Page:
Robert A. Caro has won two Pulitzer Prizes for biographies. He started writing a multi-volume set on Lyndon Johnson (one volume of which won him his second Pulitzer) in 1982, and he’s still working to complete volume five. Working is Caro’s memoir, detailing the long, but brilliant writing process that has made him one of our most-lauded biographers. A highly recommended book for anyone interested in creativity and communication.

The Power Broker: Robert Moses and the Fall of New York

by Robert A. Caro

Caro’s first Pulitzer was for this book, widely considered one of the greatest biographies ever written. It’s certainly one of the best I’ve ever read. It’s a monster. 1246 pages! But it flies by.

So, who is its subject, Robert Moses? From the 1920s to the 1970s he was the architect of urban planning in New York city and state. At one point he held 12 titles at the same time for the commissions and public authorities that built bridges, parks, highways, pools, tunnels, public housing, streets and more. If it was built in, around, through, from, or to New York City, Robert Moses is the one to thank (or blame) for it.

This biography is a master work about ambition, power, and the obsession to solve massive problems and build great monuments – and the dark shadows such ambition leaves behind.

Quiet: The Power of Introverts in a World That Can’t Stop Talking

by Susan Cain

As an extreme introvert I’m always looking for ways to explain how I can love people so deeply, but sometimes dread the events that require me to spend time with them. If you’re like me, or if you have someone in your life like me, this book will help. A lot.

Introverts are about one-third of the population, but you wouldn’t know it because the business and church worlds tend to reward our noisy friends. This book will help introverts understand ourselves and build on our strengths, while it can help the extraverts in our lives be less frustrated by us, and work better with us – if we can ever get those extraverts to sit down long enough to read an entire book, that is.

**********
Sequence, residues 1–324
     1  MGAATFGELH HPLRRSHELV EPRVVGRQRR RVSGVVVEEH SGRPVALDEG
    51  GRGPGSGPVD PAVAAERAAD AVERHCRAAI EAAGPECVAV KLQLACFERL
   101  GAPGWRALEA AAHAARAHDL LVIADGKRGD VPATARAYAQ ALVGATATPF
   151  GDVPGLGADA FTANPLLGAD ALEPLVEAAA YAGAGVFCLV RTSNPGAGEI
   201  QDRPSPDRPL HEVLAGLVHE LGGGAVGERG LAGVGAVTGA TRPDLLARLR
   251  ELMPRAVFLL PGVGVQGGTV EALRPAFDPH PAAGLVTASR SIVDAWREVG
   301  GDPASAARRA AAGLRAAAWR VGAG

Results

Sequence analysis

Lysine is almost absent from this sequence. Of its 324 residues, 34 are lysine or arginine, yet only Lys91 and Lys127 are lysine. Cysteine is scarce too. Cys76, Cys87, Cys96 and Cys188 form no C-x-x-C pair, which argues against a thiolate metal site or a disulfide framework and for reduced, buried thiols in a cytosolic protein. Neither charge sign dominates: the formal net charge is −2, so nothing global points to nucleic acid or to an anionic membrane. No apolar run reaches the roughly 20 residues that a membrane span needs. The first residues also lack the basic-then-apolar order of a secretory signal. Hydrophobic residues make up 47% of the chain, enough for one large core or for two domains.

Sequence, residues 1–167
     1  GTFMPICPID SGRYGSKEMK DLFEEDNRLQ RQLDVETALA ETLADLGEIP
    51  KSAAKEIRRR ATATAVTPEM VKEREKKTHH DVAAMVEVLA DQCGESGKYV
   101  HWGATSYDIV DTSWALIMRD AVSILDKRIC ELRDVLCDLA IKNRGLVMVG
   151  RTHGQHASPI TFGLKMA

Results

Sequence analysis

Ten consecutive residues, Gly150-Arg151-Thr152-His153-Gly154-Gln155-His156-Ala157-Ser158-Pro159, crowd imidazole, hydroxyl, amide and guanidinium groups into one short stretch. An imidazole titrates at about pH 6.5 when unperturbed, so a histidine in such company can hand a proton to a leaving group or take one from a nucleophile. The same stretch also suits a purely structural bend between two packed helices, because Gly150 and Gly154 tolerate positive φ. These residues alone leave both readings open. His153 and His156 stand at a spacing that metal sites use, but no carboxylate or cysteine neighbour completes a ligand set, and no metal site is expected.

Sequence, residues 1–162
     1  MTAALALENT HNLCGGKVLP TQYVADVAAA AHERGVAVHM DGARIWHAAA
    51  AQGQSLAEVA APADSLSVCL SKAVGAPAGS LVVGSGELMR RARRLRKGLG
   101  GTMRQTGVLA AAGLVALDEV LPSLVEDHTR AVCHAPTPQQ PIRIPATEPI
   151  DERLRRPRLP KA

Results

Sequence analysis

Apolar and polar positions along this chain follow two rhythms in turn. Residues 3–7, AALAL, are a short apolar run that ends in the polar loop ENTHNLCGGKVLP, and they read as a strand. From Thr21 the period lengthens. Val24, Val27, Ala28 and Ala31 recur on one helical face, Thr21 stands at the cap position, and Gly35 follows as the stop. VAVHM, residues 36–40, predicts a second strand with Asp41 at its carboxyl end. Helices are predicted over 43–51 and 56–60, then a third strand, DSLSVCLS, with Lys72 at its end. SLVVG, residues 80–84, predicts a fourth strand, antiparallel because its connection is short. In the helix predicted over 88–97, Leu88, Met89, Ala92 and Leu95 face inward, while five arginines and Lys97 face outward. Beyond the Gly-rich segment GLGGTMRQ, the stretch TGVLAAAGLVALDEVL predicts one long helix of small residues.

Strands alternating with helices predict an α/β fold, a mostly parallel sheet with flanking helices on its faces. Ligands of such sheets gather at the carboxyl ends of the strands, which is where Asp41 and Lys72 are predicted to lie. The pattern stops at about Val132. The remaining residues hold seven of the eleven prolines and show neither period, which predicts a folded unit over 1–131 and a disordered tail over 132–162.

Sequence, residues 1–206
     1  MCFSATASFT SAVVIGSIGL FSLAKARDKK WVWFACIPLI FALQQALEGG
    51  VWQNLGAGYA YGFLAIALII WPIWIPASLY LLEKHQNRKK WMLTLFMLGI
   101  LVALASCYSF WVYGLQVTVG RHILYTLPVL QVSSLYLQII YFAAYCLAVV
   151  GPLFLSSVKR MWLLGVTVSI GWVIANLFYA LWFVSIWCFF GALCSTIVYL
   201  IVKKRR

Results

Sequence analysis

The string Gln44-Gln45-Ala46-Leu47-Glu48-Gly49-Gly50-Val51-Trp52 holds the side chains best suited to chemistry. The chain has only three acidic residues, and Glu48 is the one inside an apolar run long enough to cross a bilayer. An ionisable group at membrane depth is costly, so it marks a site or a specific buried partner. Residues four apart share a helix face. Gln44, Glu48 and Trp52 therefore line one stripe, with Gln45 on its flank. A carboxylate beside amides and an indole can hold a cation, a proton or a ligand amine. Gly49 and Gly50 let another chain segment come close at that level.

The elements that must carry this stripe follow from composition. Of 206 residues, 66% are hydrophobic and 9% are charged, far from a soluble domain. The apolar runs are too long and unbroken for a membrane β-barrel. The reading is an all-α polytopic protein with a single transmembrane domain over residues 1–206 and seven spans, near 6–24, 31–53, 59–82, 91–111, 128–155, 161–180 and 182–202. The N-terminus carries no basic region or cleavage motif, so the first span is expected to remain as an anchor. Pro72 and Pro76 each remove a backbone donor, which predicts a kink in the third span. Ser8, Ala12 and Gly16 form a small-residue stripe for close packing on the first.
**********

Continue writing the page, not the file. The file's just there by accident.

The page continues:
Ending Human Trafficking: A Handbook of Strategies for the Church Today

by Shayne Moore, Sandra Morgan, Kimberly McOwen Yim

There is a lot of misunderstanding about the issue of human trafficking – what it is, what it isn’t, and how to stop it. Plus, there’s way too much unintentional harm (including re-exploiting and re-victimizing) being done by well-intentioned groups trying to help victims. The authors of this book take the best, most balanced, biblical approach I’ve ever seen.

It’s practical, sober-minded, and detailed. If this issue matters to you at all, this book is a must-read. (Click here to listen to my interview with one of the authors, Dr. Sandra Morgan.)

My Name Is Asher Lev

by Chaim Potok

An emotional gut punch. This novel of a Hasidic boy discovering his artistic talent, and how it comes into unintentional conflict with his family of origin, is an important and tender look at the issues of family, faith, creativity, and more. Written in 1972, it has held up amazingly well since then, like the true classic that it is.

First They Killed My Father: A Daughter of Cambodia Remembers

by Loung Ung

A hard read. But ultimately a hopeful one. This true story of one family’s struggle through the turmoil of the 1970’s Cambodian genocide and the horror of Pol Pot’s Khmer Rouge army is one that will stay with you long after reading it.

What Did You Read This Year?

Did you read any of these?

Did you read any other books you loved?

Let me know in the comments, below. Or on Facebook, Instagram, or Twitter.

(Disclosure: I will receive a small percent of the purchase price of any books you buy through clicking the Amazon links in the article.)

Got questions or comments? Use the comment section, below.